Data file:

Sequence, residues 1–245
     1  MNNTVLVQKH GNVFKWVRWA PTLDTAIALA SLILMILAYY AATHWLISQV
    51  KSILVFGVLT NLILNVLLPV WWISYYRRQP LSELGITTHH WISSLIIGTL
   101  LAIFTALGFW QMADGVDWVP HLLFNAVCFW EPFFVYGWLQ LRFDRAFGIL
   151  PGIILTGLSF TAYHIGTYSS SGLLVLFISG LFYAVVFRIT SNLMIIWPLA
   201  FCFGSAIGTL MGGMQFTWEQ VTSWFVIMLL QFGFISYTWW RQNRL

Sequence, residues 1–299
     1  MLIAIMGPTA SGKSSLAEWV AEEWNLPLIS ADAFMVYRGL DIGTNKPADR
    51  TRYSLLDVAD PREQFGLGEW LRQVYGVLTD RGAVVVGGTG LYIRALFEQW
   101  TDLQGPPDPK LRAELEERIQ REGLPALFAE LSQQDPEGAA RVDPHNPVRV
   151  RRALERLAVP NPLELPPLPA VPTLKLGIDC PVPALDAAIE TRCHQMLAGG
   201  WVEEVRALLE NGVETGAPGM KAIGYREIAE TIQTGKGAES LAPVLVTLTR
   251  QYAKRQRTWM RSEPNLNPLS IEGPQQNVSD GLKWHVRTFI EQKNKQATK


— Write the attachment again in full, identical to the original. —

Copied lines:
Sequence, residues 1–245
     1  MNNTVLVQKH GNVFKWVRWA PTLDTAIALA SLILMILAYY AATHWLISQV
    51  KSILVFGVLT NLILNVLLPV WWISYYRRQP LSELGITTHH WISSLIIGTL
   101  LAIFTALGFW QMADGVDWVP HLLFNAVCFW EPFFVYGWLQ LRFDRAFGIL
   151  PGIILTGLSF TAYHIGTYSS SGLLVLFISG LFYAVVFRIT SNLMIIWPLA
   201  FCFGSAIGTL MGGMQFTWEQ VTSWFVIMLL QFGFISYTWW RQNRL

Sequence, residues 1–299
     1  MLIAIMGPTA SGKSSLAEWV AEEWNLPLIS ADAFMVYRGL DIGTNKPADR
    51  TRYSLLDVAD PREQFGLGEW LRQVYGVLTD RGAVVVGGTG LYIRALFEQW
   101  TDLQGPPDPK LRAELEERIQ REGLPALFAE LSQQDPEGAA RVDPHNPVRV
   151  RRALERLAVP NPLELPPLPA VPTLKLGIDC PVPALDAAIE TRCHQMLAGG
   201  WVEEVRALLE NGVETGAPGM KAIGYREIAE TIQTGKGAES LAPVLVTLTR
   251  QYAKRQRTWM RSEPNLNPLS IEGPQQNVSD GLKWHVRTFI EQKNKQATK